By now, we have all seen and heard that as of last Friday, Kyle Rittenhouse is a free man. Free to do as he chooses and pleases, despite the fact he shot three men, killed two of them – as he claims – in “self-defense.”
If you are one of the many who are outraged that a jury found him NOT guilty on all five counts he had against him, were you really expecting otherwise? Have you not been paying attention to what has been occurring in this country since 1776? If you are one of the social warriors (I applaud you by the way) who is hellbent on using your voice to make sure the next Kyle Rittenhouse – and believe me, there WILL be another Kyle Rittenhouse – doesn’t get off scot-free, the reality is there is only one way we can make that happen.
We all have seen time and time again – well, Black people unfortunately experience it on a daily basis – that our justice system is broken. Roy Bryant and J.W. Milam. George Zimmerman. Darren Wilson. The list of those who willingly broke the fifth commandment and got away with it goes on and on, and will only grow longer – looking at you Gregory McMichael, Travis McMichael and William Bryan – unless…
The rallies and protests demanding that our justice system be fixed after another guilty white male is set free are moving for sure, but in reality, they don’t – nor won’t – change anything. Let history be our witness. Every time we see another white male escape punishment for killing an innocent Black male or female, the only thing more predictable than the jury’s verdict itself is the uproar that will ultimately result. An army of social justice warriors will rise up, use their voices, demand change and guess what? Nothing. Ever. Changes.
The only way we can bring about the change we all so desperately covet is through education and better understanding our moral obligation as humans: to abide by the Golden Rule with everyone we encounter, even if they don’t look like us. Despite what some crazy white supremacists may tell you, Black people are very much human, and by that very definition, they have rights – the same rights as white people.
I fully understand that no matter how sickened I am over the Rittenhouse decision, I know that I can never see it, live it, or understand it from the eyes of a Black person. Nor will I ever be able to rationalize how difficult it is to be a Black man or Black woman in society. As a white male, it’s unimaginable for me to even conceptualize being pulled over solely based on the color of my skin.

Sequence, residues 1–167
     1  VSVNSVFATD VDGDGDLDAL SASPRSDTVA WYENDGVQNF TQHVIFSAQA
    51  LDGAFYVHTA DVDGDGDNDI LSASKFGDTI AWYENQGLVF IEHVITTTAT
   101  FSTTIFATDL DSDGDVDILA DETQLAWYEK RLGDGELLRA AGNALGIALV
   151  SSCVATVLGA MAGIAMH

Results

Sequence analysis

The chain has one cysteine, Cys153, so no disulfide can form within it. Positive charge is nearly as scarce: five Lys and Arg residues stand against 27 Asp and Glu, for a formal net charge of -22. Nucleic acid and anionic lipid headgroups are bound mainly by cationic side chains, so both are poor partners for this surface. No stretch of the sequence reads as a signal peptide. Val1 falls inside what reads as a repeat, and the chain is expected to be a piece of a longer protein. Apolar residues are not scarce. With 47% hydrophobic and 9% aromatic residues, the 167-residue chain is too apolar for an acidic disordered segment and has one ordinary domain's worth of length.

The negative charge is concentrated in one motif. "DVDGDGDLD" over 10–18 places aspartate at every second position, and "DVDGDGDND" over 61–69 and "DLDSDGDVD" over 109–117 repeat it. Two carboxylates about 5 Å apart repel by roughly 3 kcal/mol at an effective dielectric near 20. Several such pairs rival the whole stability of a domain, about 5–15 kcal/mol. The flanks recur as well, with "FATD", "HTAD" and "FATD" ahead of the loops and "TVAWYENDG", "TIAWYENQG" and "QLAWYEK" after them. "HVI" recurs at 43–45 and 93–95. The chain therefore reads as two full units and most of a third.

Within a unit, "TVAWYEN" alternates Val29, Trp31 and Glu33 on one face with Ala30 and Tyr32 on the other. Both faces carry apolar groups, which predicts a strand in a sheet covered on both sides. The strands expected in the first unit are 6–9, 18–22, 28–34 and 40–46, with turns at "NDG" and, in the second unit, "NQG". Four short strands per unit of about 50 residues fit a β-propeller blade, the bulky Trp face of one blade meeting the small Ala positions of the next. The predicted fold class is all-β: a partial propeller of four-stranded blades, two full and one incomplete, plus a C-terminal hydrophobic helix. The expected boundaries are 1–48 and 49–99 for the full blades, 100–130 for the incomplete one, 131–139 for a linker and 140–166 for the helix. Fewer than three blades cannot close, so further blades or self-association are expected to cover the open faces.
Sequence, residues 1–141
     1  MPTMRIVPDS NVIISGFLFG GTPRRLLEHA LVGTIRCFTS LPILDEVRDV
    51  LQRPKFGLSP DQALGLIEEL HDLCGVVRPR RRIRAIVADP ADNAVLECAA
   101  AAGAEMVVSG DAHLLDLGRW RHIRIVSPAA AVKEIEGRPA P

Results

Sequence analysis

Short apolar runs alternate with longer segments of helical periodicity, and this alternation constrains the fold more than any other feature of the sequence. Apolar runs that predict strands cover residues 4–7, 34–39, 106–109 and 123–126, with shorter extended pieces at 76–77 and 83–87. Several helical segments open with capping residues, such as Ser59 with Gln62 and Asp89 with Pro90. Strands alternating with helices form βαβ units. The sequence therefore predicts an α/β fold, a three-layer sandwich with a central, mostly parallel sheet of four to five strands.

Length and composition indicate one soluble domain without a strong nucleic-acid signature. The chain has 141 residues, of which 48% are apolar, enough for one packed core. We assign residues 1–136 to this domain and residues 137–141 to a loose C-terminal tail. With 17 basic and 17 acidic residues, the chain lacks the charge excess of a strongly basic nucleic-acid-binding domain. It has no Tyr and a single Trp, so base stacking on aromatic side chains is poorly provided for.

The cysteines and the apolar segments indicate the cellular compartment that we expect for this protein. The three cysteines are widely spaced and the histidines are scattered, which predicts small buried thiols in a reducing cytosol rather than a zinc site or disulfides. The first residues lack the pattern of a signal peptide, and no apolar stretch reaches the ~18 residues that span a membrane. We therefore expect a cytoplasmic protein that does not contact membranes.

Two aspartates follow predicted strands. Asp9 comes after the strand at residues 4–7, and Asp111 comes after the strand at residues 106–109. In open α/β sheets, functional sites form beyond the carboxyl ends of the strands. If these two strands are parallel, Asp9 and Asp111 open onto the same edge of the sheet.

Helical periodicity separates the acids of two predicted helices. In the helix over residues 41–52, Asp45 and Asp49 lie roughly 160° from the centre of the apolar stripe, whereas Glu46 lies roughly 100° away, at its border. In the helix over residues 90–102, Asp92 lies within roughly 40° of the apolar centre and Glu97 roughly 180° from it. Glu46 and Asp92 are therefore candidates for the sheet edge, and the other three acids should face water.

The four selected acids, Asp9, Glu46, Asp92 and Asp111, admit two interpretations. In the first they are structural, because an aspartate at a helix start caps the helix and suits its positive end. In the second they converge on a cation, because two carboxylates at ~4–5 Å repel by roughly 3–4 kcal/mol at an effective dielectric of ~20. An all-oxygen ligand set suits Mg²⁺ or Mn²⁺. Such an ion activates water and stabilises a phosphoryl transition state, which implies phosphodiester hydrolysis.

We all, well most of us anyhow, want change, but if we are to bring about that change we desire, it needs to start with all of us at home. We can no longer wait for the justice system to fix itself. We can no longer pray for peace and hope that the next vote we cast in November for a candidate of our choosing will be the one who magically fixes this centuries-old problem.
The most powerful voices in the room are the ones at home who take the time to educate their family members and friends that Black people are every bit as equal as whites and deserve to be treated as such. As humans, Blacks are entitled to the same freedoms, privileges and powers as whites. We don’t need someone famous to ingrain that in us, nor should we wait for activists to bring about the changes we seek. The process has to start with each one of us, in public AND private, in the boardroom AND at the dinner table. We need to do a much better job of learning from the wrongs of our past and come to the realization that we are the only ones who can fix it – not Washington, certainly not lobbyists, and not the activists. And it can’t wait any longer.
The obligation we all have as humans shouldn’t fall to a select few. Too many Black people have innocently died for no reason other than the fact that systemic racism is deeply embedded in American culture. It shouldn’t be that hard to live by the Golden Rule, yet for some reason it is. But if we really are serious about fixing the justice system, it’s not optional. We owe it to Emmett Till. We owe it to Breonna Taylor. We owe it to Trayvon Martin. We owe it to George Floyd. And, we owe it to the countless other innocent Black men and women we have never heard of who have tragically lost their lives at the hands of a privileged white person.
Matthew Chudoba of Ridgefield is a life-long Connecticut resident and strategic communications professional. The views expressed in this commentary are his alone.